Posts Tagged ‘extrinsic motivation’

by Richard Martin

Readiness can be reduced to this essential component: the intrinsic motivation to be ready, willing, and able to accomplish the mission no matter what.

My daughter Elizabeth works as a salesclerk in a men’s and women’s clothing boutique. She was telling me that the floor manager assembles the team at the start of each day and at shift changes to give them the day’s sales target.

Elizabeth tells me that this quantitative target is little motivation to her. She gets her drive from helping the clients find the right clothing and leaving the store satisfied. To her, the most important thing is the client’s experience and whether they will depart in a good mood, having achieved their aim and willing to come back and recommend the store to others.

As I reflected on this, I realized that it highlights the distinction between intrinsic motivation and extrinsic motivation. Sales targets are a form of extrinsic motivation. They may influence some people to perform, but most people don’t get their drive from such externally measured objectives.

The willingness to help clients and the satisfaction that comes from doing so is a form of intrinsic motivation. Intrinsic motivation is the stronger form of influence. It comes from within and gives people the inner strength to overcome obstacles and motor past resistance.

Remember Richard’s Business Readiness Process in 2017!

  1. Ensure vigilance through situational awareness.
  2. Do preliminary assessment of tasks and time.
  3. Activate organization or team.
  4. Conduct reconnaissance.
  5. Do detailed situational estimate.
  6. Conduct wargame and decide on optimal course(s) of action.
  7. Perform risk management and contingency planning.
  8. Communicate plan and issue direction.
  9. Build organizational robustness.
  10. Ensure operational continuity.
  11. Lead and control execution.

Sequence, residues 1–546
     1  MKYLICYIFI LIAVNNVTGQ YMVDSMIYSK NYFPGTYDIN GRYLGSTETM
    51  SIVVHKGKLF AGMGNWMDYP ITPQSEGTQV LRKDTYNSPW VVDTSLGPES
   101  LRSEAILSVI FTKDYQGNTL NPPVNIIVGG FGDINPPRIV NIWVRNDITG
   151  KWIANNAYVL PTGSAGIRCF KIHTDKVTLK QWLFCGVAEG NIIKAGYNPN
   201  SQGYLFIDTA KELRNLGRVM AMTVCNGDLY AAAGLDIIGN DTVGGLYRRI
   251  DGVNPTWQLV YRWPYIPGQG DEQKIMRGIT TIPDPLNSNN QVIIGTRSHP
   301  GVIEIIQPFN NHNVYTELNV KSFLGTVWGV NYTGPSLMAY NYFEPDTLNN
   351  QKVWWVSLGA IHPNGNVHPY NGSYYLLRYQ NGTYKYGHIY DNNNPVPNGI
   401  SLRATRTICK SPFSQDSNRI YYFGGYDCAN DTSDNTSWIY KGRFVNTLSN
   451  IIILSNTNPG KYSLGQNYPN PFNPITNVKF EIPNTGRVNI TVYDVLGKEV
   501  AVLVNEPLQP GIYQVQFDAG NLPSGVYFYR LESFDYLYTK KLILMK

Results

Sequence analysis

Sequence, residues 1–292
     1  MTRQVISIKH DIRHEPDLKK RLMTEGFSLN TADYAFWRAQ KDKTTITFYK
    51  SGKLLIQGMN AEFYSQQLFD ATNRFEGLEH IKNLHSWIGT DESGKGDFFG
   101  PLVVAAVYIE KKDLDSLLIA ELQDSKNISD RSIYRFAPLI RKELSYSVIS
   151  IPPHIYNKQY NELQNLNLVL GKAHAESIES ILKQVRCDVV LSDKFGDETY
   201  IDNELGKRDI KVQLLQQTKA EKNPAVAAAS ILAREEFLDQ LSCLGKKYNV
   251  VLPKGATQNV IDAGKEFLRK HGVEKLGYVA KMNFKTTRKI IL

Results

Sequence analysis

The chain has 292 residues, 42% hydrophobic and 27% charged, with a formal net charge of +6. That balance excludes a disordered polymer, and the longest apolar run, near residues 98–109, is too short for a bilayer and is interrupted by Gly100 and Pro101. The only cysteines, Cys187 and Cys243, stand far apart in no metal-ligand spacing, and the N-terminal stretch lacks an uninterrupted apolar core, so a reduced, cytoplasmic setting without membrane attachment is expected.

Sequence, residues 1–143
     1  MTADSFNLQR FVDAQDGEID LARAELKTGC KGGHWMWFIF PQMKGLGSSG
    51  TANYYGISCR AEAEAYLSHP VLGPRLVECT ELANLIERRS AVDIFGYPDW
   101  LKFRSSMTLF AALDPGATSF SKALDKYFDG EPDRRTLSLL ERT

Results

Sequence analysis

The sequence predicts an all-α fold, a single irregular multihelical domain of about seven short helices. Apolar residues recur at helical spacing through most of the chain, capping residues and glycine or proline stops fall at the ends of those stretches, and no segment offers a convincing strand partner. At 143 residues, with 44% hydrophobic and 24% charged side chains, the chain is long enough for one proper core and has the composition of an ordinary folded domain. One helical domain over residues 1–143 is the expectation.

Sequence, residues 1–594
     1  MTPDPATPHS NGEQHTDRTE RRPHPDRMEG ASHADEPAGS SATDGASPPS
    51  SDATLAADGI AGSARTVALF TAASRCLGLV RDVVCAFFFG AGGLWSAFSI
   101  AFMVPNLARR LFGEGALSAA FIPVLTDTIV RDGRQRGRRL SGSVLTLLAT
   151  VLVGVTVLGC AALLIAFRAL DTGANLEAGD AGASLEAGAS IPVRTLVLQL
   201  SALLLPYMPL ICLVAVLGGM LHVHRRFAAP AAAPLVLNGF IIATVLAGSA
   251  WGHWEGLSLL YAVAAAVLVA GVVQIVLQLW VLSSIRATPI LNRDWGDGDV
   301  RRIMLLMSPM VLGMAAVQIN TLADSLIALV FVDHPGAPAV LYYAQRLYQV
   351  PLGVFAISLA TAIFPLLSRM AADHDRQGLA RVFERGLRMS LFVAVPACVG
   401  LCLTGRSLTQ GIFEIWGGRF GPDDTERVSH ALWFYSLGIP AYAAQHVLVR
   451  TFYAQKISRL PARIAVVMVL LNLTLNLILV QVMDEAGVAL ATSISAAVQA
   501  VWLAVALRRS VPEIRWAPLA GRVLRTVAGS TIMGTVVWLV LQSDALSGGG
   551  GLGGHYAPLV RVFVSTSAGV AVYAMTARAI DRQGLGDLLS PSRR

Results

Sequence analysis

12. Assess performance.

Call me for a Business Readiness Briefing!

My name is Richard Martin and I’m an expert on applying readiness principles to position companies and leaders to grow and thrive by shaping and exploiting change and opportunity, instead of just passively succumbing to uncertainty and risk.

© 2017 Alcera Consulting Inc. This article may be used for non-commercial use with proper attribution.

Brilliant Manoeuvre
True motivation and discipline come from within. Individuals perform at the their best when they are impelled to do so from within. External rewards and punishments only go so far in influencing behaviour.

When I was in the military I noted that perks and improvements in creature comforts tended to become seen as acquired rights rather than what they were intended as: rewards for a job well done. In the early 2000s, the Canadian military went through a number of significant pay and benefit increases. However, it would never take more than a few short months before we would start to forget the improved benefits. In early 2003 I was on a deployment to a camp in the Persian Gulf that had the best creature comforts and amenities that I had ever experienced on a military operation. It also had the worst morale and mood I’ve ever encountered in my 26 years in the Army. The lesson is that strong extrinsic motivators do not guarantee that you’ll have strong morale and a sense of purpose to bind and unify troops into a higher calling.

Strong morale is built upon unity of purpose and action, determination to succeed, and cohesion in the face of opposition, disruptions, uncertainty, friction, and obstacles.

Richard Martin is a consultant, speaker, and executive coach. He brings his military and business leadership and management experience to bear for executives and organizations seeking to exploit change, maximize opportunity, and minimize risk.

© 2013 Richard Martin. Reproduction and quotes are permitted with proper attribution.